Menu for a banquet at the Guildhall Menu for a banquet at the Guildhall Show image info

Menu for a banquet at the Guildhall

Edible England activities

Edible England

This year's theme for the Heritage Open Days (10-19 September 2021) is Edible England. So we have gathered some activities to help keep you entertained and hopefully find out something new.

Escaping the Guildhall : An escape room challenge on a grand scale, this time you have to esape the building.

Kitchen Things : Mystery objects from the Kitchen Drawer for you to identify. Can you guess them all?

Design a Menu : The Banqueting Room in the Guildhall has been used for grand feasts for centuries. Create your own menu.


Escaping the Guildhall

You are a visiting Conservator and have accidentally been locked into the Guildhall. You have to answer some history, puzzle and obsesrvation questions to help you find the Front Door Key to get out. Hope to see you soon!

Escaping the Guildhall


Kitchen Things

You know if you go to the back of the kitchen drawer, you can find some strange things lurking? Unused gadgets that no-one can remember what they're for or how to use them? Or maybe just something so odd-looking that it's hard to guess, even if you do still find it the most useful object in the kitchen?

Can you identify these?





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7 8 9

 How did you get on with them? The answers are here


Design a Menu

When the Guildhall was built in 1778 the Banqueting Room was designed for large functions to be held by the Corporation. The Georgians held Assemblies and Balls in the room (Jane Austen attended them), using the neighbouring Council Chamber for refreshments. By the end of the nineteenth century, the Victorians had perfected the art of grand banquets which could run to 8 or 9 courses. The courses often had fancy names - such as hors d'ouvres, entrées, entrements, or relevées - or were just called the soup course. The dishes could also have fancy French names, or were sometimes named after someone famous - such as a Pavlova or the Nesselrode Pudding that appears on many menus of the era.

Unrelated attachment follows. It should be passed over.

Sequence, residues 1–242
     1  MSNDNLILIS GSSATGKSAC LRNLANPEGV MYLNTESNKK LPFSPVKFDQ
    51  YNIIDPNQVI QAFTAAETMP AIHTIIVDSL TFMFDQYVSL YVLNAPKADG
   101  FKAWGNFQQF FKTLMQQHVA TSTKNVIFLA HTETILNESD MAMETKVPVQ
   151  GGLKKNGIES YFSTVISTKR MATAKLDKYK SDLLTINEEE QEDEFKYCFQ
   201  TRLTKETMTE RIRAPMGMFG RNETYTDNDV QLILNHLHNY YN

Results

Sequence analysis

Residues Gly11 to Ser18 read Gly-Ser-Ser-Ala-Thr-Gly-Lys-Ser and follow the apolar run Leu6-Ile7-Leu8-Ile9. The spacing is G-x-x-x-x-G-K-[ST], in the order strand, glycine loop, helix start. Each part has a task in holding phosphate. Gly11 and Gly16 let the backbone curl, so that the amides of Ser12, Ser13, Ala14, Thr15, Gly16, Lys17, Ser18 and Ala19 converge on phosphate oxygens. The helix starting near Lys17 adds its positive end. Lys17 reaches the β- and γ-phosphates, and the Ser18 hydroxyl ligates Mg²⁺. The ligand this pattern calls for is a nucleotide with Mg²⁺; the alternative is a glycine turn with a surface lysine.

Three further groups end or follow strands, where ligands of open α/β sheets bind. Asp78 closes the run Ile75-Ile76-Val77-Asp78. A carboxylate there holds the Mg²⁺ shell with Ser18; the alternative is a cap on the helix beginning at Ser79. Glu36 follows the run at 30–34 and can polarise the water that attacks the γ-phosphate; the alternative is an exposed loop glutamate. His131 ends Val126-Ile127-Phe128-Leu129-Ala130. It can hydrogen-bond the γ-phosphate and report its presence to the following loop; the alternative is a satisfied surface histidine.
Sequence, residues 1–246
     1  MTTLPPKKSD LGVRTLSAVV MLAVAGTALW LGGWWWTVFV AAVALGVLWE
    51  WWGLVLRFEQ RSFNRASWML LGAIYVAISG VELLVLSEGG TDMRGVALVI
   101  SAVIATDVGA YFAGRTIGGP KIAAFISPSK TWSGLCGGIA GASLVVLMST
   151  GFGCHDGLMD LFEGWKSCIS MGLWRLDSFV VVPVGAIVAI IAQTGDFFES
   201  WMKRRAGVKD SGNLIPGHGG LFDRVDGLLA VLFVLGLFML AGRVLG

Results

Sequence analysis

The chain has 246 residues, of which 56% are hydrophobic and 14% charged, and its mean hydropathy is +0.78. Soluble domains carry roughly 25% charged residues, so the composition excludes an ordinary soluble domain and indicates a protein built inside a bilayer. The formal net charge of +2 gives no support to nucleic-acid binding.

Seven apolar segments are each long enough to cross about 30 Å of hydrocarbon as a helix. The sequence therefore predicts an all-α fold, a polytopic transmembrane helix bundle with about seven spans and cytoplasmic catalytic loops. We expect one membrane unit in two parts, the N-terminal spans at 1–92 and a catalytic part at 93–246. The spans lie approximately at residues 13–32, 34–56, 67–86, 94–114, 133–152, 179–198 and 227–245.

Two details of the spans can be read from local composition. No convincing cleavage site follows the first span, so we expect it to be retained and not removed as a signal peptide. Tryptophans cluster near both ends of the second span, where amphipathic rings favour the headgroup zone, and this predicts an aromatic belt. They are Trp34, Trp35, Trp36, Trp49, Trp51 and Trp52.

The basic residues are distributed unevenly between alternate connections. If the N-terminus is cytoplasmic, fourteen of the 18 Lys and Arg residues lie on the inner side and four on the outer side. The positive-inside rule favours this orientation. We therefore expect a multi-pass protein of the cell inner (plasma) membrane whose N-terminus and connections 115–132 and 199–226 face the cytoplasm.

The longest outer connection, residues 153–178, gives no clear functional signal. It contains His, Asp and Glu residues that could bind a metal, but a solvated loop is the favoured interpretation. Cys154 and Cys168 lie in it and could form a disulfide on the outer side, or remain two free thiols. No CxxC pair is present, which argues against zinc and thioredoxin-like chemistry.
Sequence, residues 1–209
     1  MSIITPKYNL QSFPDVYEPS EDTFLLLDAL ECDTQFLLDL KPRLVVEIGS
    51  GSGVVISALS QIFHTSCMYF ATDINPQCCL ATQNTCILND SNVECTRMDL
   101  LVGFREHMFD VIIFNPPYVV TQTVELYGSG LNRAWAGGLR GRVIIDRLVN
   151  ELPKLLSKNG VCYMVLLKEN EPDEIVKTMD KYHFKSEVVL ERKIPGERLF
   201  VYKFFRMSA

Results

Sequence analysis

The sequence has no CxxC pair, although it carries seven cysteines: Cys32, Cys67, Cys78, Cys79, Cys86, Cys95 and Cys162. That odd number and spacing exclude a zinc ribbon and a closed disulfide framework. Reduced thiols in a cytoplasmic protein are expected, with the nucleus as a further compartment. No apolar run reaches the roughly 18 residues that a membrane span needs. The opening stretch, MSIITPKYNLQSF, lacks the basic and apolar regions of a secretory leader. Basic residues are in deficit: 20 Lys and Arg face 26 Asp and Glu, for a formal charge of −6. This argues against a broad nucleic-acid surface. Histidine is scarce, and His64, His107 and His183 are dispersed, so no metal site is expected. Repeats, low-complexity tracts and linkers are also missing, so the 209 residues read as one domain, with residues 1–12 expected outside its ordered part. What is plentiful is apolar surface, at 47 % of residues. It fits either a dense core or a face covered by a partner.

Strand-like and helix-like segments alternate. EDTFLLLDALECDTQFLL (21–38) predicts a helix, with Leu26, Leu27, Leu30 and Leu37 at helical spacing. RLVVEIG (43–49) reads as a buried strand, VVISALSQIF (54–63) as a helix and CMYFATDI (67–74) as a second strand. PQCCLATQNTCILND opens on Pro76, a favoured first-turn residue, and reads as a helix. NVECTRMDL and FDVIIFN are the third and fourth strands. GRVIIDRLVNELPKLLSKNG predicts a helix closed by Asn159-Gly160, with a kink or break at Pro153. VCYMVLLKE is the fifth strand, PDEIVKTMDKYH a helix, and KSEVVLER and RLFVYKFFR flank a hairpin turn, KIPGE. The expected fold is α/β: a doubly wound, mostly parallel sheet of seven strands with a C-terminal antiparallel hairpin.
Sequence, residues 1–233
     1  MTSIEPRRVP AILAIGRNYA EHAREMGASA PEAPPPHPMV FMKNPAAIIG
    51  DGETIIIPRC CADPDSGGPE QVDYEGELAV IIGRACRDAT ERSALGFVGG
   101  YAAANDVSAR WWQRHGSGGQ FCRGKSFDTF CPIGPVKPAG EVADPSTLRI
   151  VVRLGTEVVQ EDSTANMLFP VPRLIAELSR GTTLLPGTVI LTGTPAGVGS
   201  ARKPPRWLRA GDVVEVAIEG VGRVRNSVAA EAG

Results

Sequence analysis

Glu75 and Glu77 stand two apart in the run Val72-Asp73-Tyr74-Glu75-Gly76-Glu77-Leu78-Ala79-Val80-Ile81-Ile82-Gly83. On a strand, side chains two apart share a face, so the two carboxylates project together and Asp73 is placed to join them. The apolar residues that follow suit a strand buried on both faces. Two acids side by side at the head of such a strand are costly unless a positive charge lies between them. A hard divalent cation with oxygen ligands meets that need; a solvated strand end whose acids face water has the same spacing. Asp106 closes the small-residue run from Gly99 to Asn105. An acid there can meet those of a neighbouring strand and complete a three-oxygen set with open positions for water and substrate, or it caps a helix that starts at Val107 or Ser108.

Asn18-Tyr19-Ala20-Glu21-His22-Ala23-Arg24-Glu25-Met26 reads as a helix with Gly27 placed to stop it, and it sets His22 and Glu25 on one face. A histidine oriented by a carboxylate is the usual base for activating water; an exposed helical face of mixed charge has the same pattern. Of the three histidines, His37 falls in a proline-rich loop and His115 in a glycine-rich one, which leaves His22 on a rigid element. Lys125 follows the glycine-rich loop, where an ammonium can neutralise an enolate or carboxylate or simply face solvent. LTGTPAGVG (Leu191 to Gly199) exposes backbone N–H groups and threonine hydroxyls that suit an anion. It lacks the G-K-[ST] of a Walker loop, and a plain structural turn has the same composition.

To go with the fancy course and fancy dishes, the menus were also very decorative souvenirs of the occasion. Usually on card, although we have one on parchment and one on metal, it could be a single sheet or be over two pages so the wines, speeches and toasts could also be listed. Some are very colourful and expensive, whilst others are very simple.

Here are a couple of examples from our collections with some ideas for you to design your own below.

The cover of this menu looks like a wing-tip collar on a formal shirt. Appropriate for a Royal Luncheon.
Lots of colour was used on the cover of this menu, though the inside was more restrained. They had lots of courses and a long list of toasts and speeches.


Design your own menu. We have created some templates below from menus in our collections, so you can invent your own Victorian banquet.

Or you could design your own...

  • A banquet for a special occasion - such as a wedding or a birthday. It can be as simple or elaborate as you wish. And you can have whatever you like on the menu. Fish fingers and Custard? No problem.
  • Does it have a theme? Such as a Superheroes Banquet with dishes named after your favourite heroes, e.g. a Batman Bombe - layers of ice cream covered with dark chocolate with a surprise inside. You can just come up with a cool name, you don't need to know what's inside.
  • How many courses? Victorian banquets had nibbles to start (Hors D'Ouvres), then soup or pate, then fish, then a meat dish, then roast meat or game, then a sweet dessert, then ice cream, then cheese and/or fruit. And each course could have a different wine served, depending on what you were eating.

Let us see your results on social media - tag us on @bathnesbro on Facebook, Twitter or Instagram with the hashtag #MyBanquet.

Menu 1 Menu 2 Menu 3 Menu 4 Menu 5 Menu 6